When the expression vector of the present invention is introduced into a desired expression host cell, it can express the VHSV-binding RNA aptamer as long as it is maintained in the cell.

4. Transformant or Progeny Thereof

A fourth aspect of the present invention is a transformant obtained by introducing the expression vector of the above aspect into an expression host, or a progeny thereof.

In this aspect, the “transformant” refers to an expression host transformed by introducing an expression vector containing DNA encoding the VHSV-binding RNA aptamer. The expression host used is not particularly limited provided that it can express the VHSV-binding RNA aptamer encoded in the introduced expression vector. The expression host is generally determined according to the type of the expression vector; thus, one may follow it. Specific preferred examples of the expression host include a bacteria such as Escherichia coli, Bacillus subtilis, or Rhodovulum; yeast such as Saccharomyces cerevisiae, Schizosaccharomyces pombe, or Pichia pastoris; an insect cell such as sf9 or sf21; an animal (particularly fish) cell such as a BF-2 cell or a EPC cell; and the fish species capable of being infected with VHSV exemplified in the first aspect.

After being introduced into the expression host, the expression vector of the present invention may be introduced in the genome of the host or may be present in the cell independently of the genome.

The method for introducing the expression vector into bacteria is not particularly limited provided that it is a known method. Examples thereof include a heat shock method, a calcium ion method, and an electroporation method. These techniques are known in the art and described in various references. See, for example, Sambrook, J. et al., (1989) Molecular Cloning: A Laboratory Manual Second Ed., Cold Spring Harbor Laboratory Press, Cold Spring Harbor, N.Y. For the transformation of animal cells, a lipofectin method (PNAS (1989) Vol. 86: 6077), (PNAS (1987) Vol. 84: 7413), an electroporation method, a calcium phosphate method (Virology (1973) Vol. 52: 456-467), a DEAE-dextran method, or the like is preferably used.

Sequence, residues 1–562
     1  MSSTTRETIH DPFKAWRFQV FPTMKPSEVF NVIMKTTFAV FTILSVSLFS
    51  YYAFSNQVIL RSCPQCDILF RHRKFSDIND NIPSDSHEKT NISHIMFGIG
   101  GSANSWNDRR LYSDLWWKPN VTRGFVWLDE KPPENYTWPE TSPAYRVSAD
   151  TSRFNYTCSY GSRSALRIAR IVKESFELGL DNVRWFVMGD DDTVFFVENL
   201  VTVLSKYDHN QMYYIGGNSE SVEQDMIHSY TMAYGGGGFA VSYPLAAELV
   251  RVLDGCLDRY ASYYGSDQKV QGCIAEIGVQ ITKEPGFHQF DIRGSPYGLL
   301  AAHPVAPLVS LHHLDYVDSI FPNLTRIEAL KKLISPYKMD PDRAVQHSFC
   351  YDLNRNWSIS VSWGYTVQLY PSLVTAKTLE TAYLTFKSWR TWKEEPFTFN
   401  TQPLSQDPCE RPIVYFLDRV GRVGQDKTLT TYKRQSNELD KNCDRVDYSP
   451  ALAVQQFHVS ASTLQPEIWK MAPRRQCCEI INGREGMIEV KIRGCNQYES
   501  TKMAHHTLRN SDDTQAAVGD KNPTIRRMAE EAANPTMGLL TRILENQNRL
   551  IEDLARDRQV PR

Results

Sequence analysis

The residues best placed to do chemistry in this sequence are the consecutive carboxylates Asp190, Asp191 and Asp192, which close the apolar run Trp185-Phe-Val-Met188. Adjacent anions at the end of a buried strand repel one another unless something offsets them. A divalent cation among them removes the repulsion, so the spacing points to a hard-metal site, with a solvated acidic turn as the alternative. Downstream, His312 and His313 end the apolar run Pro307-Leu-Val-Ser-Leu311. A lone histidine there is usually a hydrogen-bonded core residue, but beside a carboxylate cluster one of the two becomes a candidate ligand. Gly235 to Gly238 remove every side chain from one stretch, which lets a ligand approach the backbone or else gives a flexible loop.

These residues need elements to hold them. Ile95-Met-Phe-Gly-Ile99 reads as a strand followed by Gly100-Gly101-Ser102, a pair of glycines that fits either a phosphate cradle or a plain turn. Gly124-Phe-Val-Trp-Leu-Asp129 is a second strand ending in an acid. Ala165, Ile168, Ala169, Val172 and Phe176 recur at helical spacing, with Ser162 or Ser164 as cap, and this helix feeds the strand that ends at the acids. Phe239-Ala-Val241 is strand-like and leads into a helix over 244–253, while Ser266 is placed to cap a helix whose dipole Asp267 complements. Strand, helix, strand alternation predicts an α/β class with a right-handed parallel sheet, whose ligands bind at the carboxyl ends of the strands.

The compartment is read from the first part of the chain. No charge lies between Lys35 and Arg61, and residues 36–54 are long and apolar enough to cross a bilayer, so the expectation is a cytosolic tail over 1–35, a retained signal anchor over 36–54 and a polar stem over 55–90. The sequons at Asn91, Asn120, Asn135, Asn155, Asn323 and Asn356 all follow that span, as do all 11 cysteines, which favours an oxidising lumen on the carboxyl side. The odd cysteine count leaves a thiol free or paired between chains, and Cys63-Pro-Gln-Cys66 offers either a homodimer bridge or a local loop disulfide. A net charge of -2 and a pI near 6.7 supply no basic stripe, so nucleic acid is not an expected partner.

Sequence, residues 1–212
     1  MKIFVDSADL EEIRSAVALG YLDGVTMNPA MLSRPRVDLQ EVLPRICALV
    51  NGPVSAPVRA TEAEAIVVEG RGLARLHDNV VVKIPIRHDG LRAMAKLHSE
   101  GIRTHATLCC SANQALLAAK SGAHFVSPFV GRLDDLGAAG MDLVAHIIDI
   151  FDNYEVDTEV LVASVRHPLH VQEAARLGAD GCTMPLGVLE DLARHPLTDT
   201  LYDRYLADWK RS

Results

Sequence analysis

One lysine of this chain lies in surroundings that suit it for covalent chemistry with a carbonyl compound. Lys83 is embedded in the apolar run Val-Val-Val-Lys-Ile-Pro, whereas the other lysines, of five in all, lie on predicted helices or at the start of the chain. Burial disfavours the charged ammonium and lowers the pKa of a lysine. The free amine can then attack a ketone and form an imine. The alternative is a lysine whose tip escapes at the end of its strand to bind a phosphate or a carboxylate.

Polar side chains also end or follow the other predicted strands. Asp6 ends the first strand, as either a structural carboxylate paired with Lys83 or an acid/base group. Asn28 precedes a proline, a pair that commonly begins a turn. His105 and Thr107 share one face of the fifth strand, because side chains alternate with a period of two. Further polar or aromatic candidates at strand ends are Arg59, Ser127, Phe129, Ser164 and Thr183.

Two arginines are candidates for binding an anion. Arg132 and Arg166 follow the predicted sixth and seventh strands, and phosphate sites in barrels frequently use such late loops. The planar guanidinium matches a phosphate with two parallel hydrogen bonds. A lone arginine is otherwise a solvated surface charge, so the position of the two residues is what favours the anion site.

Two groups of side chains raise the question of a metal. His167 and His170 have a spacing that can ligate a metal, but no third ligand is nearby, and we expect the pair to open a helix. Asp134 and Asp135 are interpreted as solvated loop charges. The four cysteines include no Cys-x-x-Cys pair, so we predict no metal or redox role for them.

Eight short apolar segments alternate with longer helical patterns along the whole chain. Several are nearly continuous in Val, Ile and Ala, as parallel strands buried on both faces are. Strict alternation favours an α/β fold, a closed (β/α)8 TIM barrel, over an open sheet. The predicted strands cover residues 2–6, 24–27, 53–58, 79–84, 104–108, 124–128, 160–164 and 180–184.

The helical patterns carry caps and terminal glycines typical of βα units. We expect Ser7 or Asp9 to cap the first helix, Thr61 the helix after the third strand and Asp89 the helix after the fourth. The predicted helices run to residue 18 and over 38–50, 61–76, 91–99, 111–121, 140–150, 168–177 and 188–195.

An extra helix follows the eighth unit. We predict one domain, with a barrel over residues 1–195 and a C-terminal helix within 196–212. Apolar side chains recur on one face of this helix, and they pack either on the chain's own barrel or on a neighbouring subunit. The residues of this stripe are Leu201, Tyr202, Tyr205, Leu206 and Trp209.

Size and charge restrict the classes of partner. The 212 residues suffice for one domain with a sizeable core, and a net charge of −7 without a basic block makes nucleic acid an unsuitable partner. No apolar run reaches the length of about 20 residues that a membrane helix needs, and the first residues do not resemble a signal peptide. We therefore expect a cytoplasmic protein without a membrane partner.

In this aspect, the “progeny” of the transformant refers to an offspring via sexual or asexual reproduction of the first generation transformant into which the expression vector of the present invention is introduced, wherein the offspring holds the DNA encoding the VHSV-binding RNA aptamer in a state capable of expression. For example, when the transformant is Escherichia coli, a daughter cell resulting from the division of the transformant falls thereunder. The progeny may be of any generation as long as the DNA encoding the VHSV-binding RNA aptamer is passaged therethrough in a state capable of expression.

5. Method for Removing VHSV

A fifth aspect of the present invention is a VHSV removal method which involves circulating water of a particular water area in a filtration tank comprising the microorganism transformant or a progeny thereof among the transformants of the above aspect and removing VHSV from the particular water area.

The “microorganism transformant” refers to the above transformant using a microorganism such as Escherichia coli as an expression host. Preferred is the transformant of a microbial species capable of expressing a VHSV-binding RNA aptamer and then extracellularly releasing the aptamer (for example, Rhodovulum sulfidophilum). The microorganism transformant to be used may be a transformant derived from an expression host of a microbial species viable in seawater when the filtration tank is used for the seawater or of a microbial species viable in fresh water when the tank is used for the fresh water.

The “filtration tank” is a container or a site containing a filter layer, and is configured to enable water of a particular water area to be circulated through the filtration tank mechanically using a pump or the like or by a natural water stream or a tidal stream. Specific examples of the filtration tank include a filtration tank apparatus or a filtration reservoir. The filter medium used in the filter layer is not particularly limited provided that it is highly permeable and is configured to enable the fixing of the microorganism transformant. Preferred is a filter medium having a large surface area, capable of containing many microorganism transformants in a constant volume. Examples of the filter medium having a large surface area include a fiber mass such as felt or a porous material such as activated carbon, pumice stone, or urethane foam.

The “particular water area” refers to a water area which is within certain boundaries. The water of a particular water area may be any of fresh water, brackish water, and seawater. The area may be an open compartment or a closed compartment. Examples of the closed or semi-closed (partly opened) compartment include a water tank, a paddy, a pond (including a regulation pond), a muddy pond, or a lake. Examples of the open compartment include a preserve installed in a coastal sea area.